Those New England Summers.
Featuring the untucked, rumpled, and sockless look.
Chambray shirt - Proper Cloth | Loafers - Brooks Brothers (ebay) | Shades - Warby Parker | Chinos - Bonobos
August in New York.
The struggle is real - featuring a cotton-linen shirt, an unlined and open weave wool blazer, and a not-too-skinny fit.
Blazer - Beckett & Robb x Loro Piana | Trousers - J. Crew ” Bowery” | Cotton-linen shirt - Proper Cloth | Loafers - Brooks Brothers (ebay) | Pocket Square - Kent Wang | Shades - Warby Parker | Socks - Pantherella
Anonymous said: May I assume that you escaped the SF earthquake today? Will you return to an undamaged apartment? Safe travels.
Fear not; I am safe and so is my wardrobe! Thanks to all of the people that checked to make sure I was ok. I’m back in San Francisco and posts should resume tomorrow.
(oh, and if you live in California you should use this as an opportunity to get an earthquake kit.)
New England Summer Nights.
Featuring the “Security Guard” uniform - navy blazer, grey trousers, and brown suede shoes. A summery repp stripe tie doesn’t hurt either.
Blazer - Beckett & Robb x Loro Piana | Tie - Breuer c/o Khaki’s of Carmel | Trousers - Khaki’s of Carmel | Shirt - Proper Cloth | Pocket Square - Kent Wang | Shoes - Sid Mashburn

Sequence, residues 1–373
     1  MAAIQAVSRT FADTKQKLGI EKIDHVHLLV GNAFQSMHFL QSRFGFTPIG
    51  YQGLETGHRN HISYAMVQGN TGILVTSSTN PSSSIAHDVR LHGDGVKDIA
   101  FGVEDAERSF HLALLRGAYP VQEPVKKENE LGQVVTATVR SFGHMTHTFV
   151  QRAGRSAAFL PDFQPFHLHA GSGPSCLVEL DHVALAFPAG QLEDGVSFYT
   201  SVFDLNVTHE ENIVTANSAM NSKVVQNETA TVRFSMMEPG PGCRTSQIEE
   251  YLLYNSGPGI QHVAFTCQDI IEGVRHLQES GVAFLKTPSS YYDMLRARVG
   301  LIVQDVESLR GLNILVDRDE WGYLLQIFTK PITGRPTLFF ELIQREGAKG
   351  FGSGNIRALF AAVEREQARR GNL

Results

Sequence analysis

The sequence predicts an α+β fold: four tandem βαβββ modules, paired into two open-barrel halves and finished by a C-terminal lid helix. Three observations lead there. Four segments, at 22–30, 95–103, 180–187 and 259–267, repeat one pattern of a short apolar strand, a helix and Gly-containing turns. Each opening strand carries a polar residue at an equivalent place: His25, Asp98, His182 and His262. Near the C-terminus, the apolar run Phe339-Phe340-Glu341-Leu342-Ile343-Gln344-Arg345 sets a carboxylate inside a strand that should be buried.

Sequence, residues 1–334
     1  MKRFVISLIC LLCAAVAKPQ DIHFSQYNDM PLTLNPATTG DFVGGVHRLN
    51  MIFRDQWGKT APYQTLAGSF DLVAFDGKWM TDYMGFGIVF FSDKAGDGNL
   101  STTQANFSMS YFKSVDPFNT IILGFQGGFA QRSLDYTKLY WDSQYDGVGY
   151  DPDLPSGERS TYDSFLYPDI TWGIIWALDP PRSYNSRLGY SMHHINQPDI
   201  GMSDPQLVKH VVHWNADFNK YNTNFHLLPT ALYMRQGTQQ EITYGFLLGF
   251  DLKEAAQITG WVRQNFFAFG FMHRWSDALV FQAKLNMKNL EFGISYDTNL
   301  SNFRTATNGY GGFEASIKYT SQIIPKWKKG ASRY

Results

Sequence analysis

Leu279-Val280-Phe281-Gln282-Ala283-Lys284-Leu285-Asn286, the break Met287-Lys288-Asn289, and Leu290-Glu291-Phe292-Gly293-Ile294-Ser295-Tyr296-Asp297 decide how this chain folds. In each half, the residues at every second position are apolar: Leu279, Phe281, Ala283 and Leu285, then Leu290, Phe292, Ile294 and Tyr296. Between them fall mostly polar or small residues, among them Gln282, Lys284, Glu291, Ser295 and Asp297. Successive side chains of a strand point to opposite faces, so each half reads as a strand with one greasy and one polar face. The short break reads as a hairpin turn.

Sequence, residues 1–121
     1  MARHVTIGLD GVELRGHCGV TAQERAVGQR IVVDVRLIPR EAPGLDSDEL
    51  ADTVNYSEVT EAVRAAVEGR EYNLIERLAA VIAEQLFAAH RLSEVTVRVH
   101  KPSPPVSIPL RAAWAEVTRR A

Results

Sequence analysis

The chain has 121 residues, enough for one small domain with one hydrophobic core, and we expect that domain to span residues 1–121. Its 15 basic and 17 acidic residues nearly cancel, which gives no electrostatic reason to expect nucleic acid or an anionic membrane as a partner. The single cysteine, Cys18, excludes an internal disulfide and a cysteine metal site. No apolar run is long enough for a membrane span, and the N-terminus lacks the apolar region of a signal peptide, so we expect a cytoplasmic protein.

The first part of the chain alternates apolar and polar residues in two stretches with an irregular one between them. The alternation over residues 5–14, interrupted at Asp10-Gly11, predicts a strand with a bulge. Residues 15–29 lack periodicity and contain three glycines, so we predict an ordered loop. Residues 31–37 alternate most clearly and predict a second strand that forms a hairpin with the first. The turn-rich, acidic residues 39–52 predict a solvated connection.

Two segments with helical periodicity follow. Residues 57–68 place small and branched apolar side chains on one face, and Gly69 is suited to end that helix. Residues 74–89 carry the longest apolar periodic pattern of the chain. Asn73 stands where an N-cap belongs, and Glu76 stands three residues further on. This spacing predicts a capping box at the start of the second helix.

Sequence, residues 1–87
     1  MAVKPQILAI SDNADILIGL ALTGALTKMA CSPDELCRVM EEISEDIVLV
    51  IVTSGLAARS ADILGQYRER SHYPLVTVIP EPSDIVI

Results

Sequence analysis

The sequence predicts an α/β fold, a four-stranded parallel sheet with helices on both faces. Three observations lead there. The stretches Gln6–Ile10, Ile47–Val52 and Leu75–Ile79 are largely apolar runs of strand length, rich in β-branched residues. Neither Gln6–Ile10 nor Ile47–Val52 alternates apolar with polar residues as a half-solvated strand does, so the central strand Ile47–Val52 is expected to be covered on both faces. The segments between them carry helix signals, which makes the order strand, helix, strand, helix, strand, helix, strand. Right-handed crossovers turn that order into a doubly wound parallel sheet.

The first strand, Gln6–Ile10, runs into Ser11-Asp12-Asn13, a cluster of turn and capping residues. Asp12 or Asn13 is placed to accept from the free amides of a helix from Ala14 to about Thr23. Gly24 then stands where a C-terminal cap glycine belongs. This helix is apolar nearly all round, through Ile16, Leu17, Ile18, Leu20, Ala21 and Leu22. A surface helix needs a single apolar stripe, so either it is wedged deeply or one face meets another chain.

SuitSupply San Francisco: Coming Soon…?
At this point, most of you are probably familiar with Suitsupply, the Dutch menswear darling that has been crushing the $400-$700 suit market (you can see my reviews here and here). In the last few years, the company has made serious progress in their plans for world domination; however, their presence in California has been surprisingly nonexistent. A San Francisco store was supposed to open in January of this year, but the opening was continually pushed back before going completely quiet. In the meantime, stores have popped up in Seattle, Las Vegas, Denver, and even Scottsdale, Arizona - what gives?
One of the most challenging aspects of packing for me is dealing with tailored clothing - it takes up a lot of space, doesn’t respond that well to folding, and, as much as I love wearing it, can be a hassle during a trip. For that reason, I’m trying something new for this trip and only bringing a navy blazer. I will be attending events with a variety of formality - dinner with my girlfriend’s family, drinks with friends in NYC, an outdoor wedding - so I’m hoping that I can rely on this one piece to carry me through all of them. We’ll see if I can practice what I preach.
If you want to see more updates on the trip, follow along on instagram and twitter.
Not pictured: A field jacket I wore on the plane and some grey trousers I threw in at the last minute.
See the rest of my packing posts here.
A Better Blue Blazer
If you read about classic men’s clothing as often as I do, you’ve probably heard the navy blazer described as “the best piece a man can own,” “the most versatile item in a man’s closet,” “worth investing in,” and with other overly simplistic catchphrases. Although I think that the traditional navy blazer configuration (with its with brass crest buttons and old-money-yacht-club connotations) can feel a bit dated today, I feel that a slightly updated jacket can be a fantastic garment to have in the rotation. It is indeed a versatile tool to have on hand, and since I love to focus on honing my wardrobe down to the bare essentials I decided to go custom and design the perfect navy blazer for my wardrobe.